Australia’s South32 to appeal damages ruling in Colombia

Product from Cerro Matoso. Photo by South32.

Perth-based South32 (ASX, LSE, JSE: S32) announced today that it plans to appeal the ruling issued on March 16, 2018, by Colombia’s Constitutional Court demanding that the company paid damages to Indigenous and Afro-Colombian communities affected by its operations in the northern Cordoba province.

The court overturned a previous decision and accepted as valid arguments and evidence presented by community leaders who claimed that waste emissions from South32’s Cerro Matoso nickel mine caused skin, lung and heart problems, including lung cancer, to people in the nearby towns of Torno Rojo, Bocas de Uré, Puerto Colombia, Unión Matoso, Guacarí, Centro América, Puente Uré and San José de Uré. Villagers reportedly had high levels of nickel in their blood and urine.

The tribunal determined that Cerro Matoso, South32’s subsidiary in the country, had incurred in irregularities and had not complied with its obligation to take care of the environment. In this regard, the court recognized that Colombia’s own National Authority of Environmental Licences did identify the violations but did not enforce corrective measures.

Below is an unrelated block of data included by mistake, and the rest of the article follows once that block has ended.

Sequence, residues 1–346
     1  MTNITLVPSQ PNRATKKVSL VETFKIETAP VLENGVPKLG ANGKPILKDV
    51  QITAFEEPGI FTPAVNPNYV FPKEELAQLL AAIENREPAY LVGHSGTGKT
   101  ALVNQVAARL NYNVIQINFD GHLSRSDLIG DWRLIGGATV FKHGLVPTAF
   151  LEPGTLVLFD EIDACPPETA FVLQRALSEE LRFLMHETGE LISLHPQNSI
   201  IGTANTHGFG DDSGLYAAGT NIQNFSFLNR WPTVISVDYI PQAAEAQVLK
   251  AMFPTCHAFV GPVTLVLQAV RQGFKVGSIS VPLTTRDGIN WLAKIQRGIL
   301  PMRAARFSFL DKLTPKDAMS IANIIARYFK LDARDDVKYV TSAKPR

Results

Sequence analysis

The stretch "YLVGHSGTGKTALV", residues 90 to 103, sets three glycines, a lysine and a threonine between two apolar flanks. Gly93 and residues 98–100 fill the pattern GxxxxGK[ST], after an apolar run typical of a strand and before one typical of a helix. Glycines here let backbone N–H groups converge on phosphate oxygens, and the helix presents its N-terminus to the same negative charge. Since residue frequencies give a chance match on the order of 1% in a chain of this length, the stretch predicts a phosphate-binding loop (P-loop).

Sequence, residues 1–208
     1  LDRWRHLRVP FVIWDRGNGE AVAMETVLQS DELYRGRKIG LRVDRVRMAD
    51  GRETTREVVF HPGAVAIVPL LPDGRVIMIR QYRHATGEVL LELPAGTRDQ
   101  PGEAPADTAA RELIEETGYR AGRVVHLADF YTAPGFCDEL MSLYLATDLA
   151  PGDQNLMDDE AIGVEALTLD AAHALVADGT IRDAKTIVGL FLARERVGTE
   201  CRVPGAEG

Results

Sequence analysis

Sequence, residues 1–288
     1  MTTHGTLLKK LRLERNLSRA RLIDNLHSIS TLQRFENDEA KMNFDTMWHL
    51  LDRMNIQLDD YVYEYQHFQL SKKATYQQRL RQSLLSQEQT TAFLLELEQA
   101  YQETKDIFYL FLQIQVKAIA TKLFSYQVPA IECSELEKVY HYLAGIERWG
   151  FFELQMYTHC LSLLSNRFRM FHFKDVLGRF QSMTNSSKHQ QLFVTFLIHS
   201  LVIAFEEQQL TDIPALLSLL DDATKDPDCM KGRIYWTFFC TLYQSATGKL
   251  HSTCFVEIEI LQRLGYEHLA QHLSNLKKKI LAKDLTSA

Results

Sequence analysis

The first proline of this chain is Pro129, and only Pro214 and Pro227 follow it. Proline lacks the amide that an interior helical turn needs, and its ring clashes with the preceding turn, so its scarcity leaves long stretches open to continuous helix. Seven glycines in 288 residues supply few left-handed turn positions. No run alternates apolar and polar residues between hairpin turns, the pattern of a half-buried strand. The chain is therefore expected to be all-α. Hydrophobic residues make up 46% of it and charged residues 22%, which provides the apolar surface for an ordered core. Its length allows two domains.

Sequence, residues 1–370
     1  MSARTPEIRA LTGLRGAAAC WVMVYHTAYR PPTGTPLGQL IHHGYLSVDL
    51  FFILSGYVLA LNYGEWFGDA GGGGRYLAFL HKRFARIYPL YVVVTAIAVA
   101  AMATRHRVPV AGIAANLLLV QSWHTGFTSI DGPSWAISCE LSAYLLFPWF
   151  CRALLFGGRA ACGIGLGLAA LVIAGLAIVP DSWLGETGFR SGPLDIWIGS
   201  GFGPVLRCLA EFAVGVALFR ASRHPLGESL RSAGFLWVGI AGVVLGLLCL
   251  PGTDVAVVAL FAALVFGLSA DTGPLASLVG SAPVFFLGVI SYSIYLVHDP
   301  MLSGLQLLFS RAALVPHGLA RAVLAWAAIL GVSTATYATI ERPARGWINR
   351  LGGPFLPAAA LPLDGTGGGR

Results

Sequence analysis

Given this situation, South32 was requested to pay damages to the affected communities collectively through a special fund and “provide comprehensive and permanent attention to those people who suffer illnesses related to the exploitation of nickel and ferronickel.”

According to the court, the company’s licensing, obtained in 1981, did not reflect current constitutional standards for environmental protection. Thus, Cerro Matoso must re-apply.

But the company does not agree with the ruling. “We are in the process of appealing the decision. At this stage, it is not possible to fully assess any potential financial or operational impacts, as the decision orders various compensatory and remedial activities which are not yet quantifiable. Our work is continuing to understand the impact of the decision and we will advise of any material developments,” today’s statement reads.

The Australian miner did not address the accusations of environmental wrongdoing and just said that it is committed to contributing to the communities where it operates.

According to Reuters, Cerro Matoso produced 40,600 tonnes of ferronickel in 2017.